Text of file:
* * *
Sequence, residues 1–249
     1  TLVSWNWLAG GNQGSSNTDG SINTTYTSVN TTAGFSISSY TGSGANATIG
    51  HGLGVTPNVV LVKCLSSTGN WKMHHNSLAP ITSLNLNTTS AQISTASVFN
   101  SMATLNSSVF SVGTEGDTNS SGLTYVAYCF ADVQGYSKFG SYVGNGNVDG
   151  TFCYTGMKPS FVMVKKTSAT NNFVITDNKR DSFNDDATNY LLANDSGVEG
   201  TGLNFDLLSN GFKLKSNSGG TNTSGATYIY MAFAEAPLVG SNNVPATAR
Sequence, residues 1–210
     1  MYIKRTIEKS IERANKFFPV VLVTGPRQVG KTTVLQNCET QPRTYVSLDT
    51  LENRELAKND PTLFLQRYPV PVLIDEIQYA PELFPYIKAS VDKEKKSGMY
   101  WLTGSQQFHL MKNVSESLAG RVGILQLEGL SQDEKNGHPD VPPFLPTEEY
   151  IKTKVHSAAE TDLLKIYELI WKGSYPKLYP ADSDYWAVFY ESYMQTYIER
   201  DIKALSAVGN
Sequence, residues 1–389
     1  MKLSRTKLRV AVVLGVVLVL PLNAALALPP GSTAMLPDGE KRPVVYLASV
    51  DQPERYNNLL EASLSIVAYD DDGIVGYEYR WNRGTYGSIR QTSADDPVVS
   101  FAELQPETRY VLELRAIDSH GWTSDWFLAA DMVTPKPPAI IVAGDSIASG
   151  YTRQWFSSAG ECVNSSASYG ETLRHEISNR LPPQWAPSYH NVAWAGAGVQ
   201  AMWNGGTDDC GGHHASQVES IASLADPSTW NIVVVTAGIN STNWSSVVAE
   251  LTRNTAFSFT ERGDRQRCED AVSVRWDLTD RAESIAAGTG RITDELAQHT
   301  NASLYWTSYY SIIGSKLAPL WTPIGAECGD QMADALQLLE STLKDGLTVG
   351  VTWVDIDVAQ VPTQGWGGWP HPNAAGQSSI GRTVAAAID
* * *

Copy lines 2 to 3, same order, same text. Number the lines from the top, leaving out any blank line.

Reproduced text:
     1  TLVSWNWLAG GNQGSSNTDG SINTTYTSVN TTAGFSISSY TGSGANATIG
    51  HGLGVTPNVV LVKCLSSTGN WKMHHNSLAP ITSLNLNTTS AQISTASVFN